A teaching assistant (TA) assists a class teacher at both secondary and primary school level, usually in small groups or on a one-to-one basis. This could be listening to a child reading or providing a boost to pupils experiencing difficulties in a particular subject. Other tasks that can assist the teacher include:

  • setting up equipment for a particular lesson
  • helping assemble displays of pupils' work
  • looking after children who are hurt or upset while the teacher gets back to the lesson plan

A good teaching assistant ought to have good writing, reading and numeracy skills. In addition, anyone applying for a position as a teaching assistant should be able to illustrate they are excellent organisers and communicators. For more detail on a teaching assistant's job role, click here.

There are no specific entry requirements for teaching assistant jobs, but local education authorities and individual schools generally have guidelines of their own as to what kind of people they are looking for, so checking out these guidelines before applying is a definite advantage. For those people not working in the sector already, there are qualifications available such as the Level 2 award in support work in schools. For individuals seeking more information about this, contacting their local college or getting in touch with recruitment consultants that specialise in this area is advised.

Like all jobs working with children, a teaching assistant needs to show they have had a criminal record check from the Disclosure and Barring Service (DBS), formerly the Criminal Records Bureau. All schools will carry out detailed background checks before hiring.

What to write on a teaching assistant CV.

A good and effective CV is well-presented and keeps to the point. Keep text concise and leave out any information not relevant or which is difficult to understand; good use of grammar skills will prove a proficiency in basic English, just as sloppy typos and spelling mistakes present the writer of a CV in a distinctly unimpressive light. Always remember to spell check and give everything a final read through before sending it.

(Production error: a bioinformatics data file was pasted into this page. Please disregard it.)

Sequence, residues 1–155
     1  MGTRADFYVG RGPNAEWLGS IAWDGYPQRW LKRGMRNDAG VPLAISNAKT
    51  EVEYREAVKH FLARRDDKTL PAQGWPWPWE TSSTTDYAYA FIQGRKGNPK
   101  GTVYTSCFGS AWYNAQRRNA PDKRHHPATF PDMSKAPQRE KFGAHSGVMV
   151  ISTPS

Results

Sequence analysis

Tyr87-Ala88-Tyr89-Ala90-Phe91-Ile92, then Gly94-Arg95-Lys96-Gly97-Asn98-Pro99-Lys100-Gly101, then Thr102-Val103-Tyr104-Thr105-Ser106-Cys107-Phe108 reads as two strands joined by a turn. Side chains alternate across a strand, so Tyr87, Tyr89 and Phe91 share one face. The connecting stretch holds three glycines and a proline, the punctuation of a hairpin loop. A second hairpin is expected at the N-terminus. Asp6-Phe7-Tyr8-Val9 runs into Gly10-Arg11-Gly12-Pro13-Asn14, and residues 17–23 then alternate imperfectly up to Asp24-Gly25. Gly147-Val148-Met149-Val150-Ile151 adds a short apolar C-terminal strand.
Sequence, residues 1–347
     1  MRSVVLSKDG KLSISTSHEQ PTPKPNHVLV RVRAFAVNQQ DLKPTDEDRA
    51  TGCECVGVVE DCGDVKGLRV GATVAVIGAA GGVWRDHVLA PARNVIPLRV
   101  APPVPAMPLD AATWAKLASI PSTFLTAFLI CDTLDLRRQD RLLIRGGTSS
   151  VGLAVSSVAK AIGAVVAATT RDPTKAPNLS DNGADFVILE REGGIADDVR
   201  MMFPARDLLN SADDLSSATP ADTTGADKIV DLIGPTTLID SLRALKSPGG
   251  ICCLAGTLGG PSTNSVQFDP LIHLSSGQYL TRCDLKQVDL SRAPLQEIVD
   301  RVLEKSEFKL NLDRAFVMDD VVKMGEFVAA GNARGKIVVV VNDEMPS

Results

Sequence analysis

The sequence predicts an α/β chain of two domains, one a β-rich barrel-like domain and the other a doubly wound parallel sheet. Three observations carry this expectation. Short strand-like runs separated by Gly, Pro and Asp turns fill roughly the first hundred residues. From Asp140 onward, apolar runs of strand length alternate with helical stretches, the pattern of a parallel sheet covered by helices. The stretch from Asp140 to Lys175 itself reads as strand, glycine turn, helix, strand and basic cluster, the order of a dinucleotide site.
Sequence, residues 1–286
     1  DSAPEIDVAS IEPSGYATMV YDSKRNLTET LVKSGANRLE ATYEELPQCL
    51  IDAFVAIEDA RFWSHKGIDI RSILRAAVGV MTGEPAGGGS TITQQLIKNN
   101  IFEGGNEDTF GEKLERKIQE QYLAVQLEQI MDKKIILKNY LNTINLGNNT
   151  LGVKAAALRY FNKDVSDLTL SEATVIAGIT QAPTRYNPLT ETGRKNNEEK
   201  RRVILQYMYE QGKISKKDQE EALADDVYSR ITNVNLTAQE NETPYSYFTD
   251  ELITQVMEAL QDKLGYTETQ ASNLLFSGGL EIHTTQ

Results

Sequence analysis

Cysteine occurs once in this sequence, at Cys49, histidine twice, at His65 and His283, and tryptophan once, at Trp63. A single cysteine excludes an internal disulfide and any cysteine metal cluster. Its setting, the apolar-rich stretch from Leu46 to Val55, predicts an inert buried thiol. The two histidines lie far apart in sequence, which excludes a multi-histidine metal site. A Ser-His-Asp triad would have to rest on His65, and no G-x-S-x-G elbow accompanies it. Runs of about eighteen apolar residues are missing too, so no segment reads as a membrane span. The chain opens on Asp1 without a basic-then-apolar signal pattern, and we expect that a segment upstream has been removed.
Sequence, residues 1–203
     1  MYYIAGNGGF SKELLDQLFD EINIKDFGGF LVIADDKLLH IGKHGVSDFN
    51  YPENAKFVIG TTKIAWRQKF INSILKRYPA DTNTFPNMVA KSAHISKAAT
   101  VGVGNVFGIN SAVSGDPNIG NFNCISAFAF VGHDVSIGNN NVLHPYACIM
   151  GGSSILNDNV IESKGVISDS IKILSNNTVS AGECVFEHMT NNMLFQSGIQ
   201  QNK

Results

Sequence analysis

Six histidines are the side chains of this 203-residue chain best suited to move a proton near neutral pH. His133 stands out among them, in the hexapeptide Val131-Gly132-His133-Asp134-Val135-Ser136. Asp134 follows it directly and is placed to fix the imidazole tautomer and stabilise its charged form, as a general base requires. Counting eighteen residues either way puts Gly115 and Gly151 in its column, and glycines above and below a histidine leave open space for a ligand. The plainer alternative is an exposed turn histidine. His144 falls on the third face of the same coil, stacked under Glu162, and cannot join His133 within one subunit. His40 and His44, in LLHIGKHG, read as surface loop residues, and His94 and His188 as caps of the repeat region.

Top CV writing tips.

If applying for a teaching assistant position for the first time, try to consider what other experiences can illustrate the skill set needed for such a position. Experience of working with children or young adults could range from volunteering at the local scout's group or junior football team to reading to one's own children. Any kind of volunteer work at a local school, however insignificant it might seem, is relevant, from helping out on a primary school trip to the zoo to assisting with the summer sports day.

Other job experience is also relevant (even if it does not involve working with children or young adults) if it illustrates communication and organisational skills, e.g. working part-time as a G.P's receptionist or other secretarial or service position.

It can be helpful if a TA specialises in a certain subject, particularly an extra language (especially if the position is at an inner city school where there may be many pupils for whom English is not their first language). Therefore anyone fluent in two or more languages should make this apparent in their CV.

As a with any job application, always be honest in detailing both qualifications and experience. Ensure all documents requested in the job posting have been attached and that the application is submitted well within the deadline given.

Nailing your CV.

If you’re looking for more CV help, watch our video below on nailing your CV fundamentals.